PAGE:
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WARNING! Sewage sludge is toxic. Food should not be grown in "biosolids." Join the Food Rights Network.

AllGro is a product sold as fertilizer but made from sewage sludge.[1][2] It is produced by the company Synagro. Hundreds of communities across the U.S. sell toxic sludge products that are typically renamed biosolids and sold or given away as "fertilizer" or "compost" (and often even labeled or marketed as "natural" or "organic"). Sludge products made by Synagro include AllGro, Granulite, and EarthBlends. Synagro also produced the sludge compost that was given out by San Francisco, labeled as "free organic biosolids compost." Synagro, owned by the Carlyle Group, is the largest marketer, processor, and hauler of sludge.[3]

AllGro Marketed as Organic and Sustainable

AllGro is marketed on its website as "organic" and "promoting environment sustainability," even though USDA organic standards specifically prohibit the use of sewage sludge in organic agriculture, and despite the documented presence of many environmental contaminants commonly found in sewage sludge.[4] AllGro is advertised as "a high quality humus material free of pathogens and weed seeds," intended for use as potting soil, turfgrass, and topsoil, and on athletic fields and golf courses.

Synagro's AllGro Company

According to Sludge News, the following appeared in Synagro's 2006 annual report:[5]

“In 1992, we [Synagro] formed the OPMG (Organic Product Marketing Group) to market composted and pelletized biosolids from our own facilities as well as municipally owned facilities. OPMG currently markets in excess of 982,000 cubic yards of compost and 121,000 tons of pelletized biosolids annually. OPMG markets a majority of its biosolids products under the trade names Granulite Company and AllGro Company. Based on our experience, OPMG is capable of marketing biosolids products to the highest paying markets. In 2006, we marketed 121,000 tons or approximately 39 percent of the heat-dried pellets produced in the United States. We also marketed 500,000 tons of compost, which we believe is significantly more than any other producer of municipal based compost materials.” (2006 annual report, Synagro.)"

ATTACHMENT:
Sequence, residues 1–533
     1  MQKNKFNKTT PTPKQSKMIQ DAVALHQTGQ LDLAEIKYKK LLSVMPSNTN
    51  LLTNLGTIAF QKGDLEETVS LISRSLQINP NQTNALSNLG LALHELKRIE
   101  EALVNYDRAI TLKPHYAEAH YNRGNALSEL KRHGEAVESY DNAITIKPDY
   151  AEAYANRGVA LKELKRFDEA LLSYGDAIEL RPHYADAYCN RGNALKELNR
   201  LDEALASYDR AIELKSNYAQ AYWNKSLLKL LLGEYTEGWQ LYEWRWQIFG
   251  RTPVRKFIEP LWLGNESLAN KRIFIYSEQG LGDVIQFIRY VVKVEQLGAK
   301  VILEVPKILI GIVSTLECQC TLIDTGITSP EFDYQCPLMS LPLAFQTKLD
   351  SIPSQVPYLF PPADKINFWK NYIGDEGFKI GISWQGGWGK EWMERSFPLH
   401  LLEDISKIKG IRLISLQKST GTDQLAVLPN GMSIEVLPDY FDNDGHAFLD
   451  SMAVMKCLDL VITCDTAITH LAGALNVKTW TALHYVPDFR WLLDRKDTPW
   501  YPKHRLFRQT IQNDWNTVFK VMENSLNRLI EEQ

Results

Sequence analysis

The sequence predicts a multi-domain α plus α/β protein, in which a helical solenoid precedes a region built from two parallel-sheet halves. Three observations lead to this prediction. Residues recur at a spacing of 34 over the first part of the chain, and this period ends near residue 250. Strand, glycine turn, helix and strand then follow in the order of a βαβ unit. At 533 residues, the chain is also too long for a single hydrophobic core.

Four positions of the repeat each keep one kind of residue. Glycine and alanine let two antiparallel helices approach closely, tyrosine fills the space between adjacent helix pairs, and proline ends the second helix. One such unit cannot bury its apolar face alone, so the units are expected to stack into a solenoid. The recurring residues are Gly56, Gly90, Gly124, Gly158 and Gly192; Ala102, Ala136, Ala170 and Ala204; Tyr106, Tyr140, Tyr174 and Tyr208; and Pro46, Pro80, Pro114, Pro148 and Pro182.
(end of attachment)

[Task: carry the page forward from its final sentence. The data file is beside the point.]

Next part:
Production and Marketing of AllGro in New Jersey

In 1996, the Burlington County Board of Chosen Freeholders (of Burlington County, NJ) "contracted with Synagro for the design, construction and operation of an advanced in-vessel agitated bin co-composting facility that processes biosolids [sewage sludge], shredded wood, and other organic wastes to produce an exceptional-quality compost."[6] The facility is located in Florence Township at the Burlington County Resource Recovery Complex. At the time when this program was written up for the site (which is not stated on the site), it received up to 200 wet tons of sludge from 14 wastewater treatment plants per day, with a capacity to handle 53,000 wet tons per year. It produced 185 dry tons per week, which was then mixed with 400 dry tons of "compostable waste organic materials." The resulting product is marketed as "AllGro" in Burlington County. It is now used in country club golf courses, schools, and athletic fields, among other places.[7]

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  1. AllGro Website, Accessed June 16, 2010.]
  2. Marie Kulik, Sewage Sludge Based Fertilizer Products, Institute for Agriculture and Trade Policy.
  3. Branded Products Containing Sewage Sludge, Sludge News, Accessed November 11, 2010.
  4. AllGro Website, Accessed November 11, 2010.]
  5. Branded products containing sewage sludge, Sludge News, Accessed November 11, 2010.
  6. Composting/Northeast: Co-Compost Facility Meets Multiple Objectives,, Accessed November 11, 2010.
  7. PROJECT HIGHLIGHTS: Turf Grass and Lawns, Agresource Inc, Accessed November 11, 2010.

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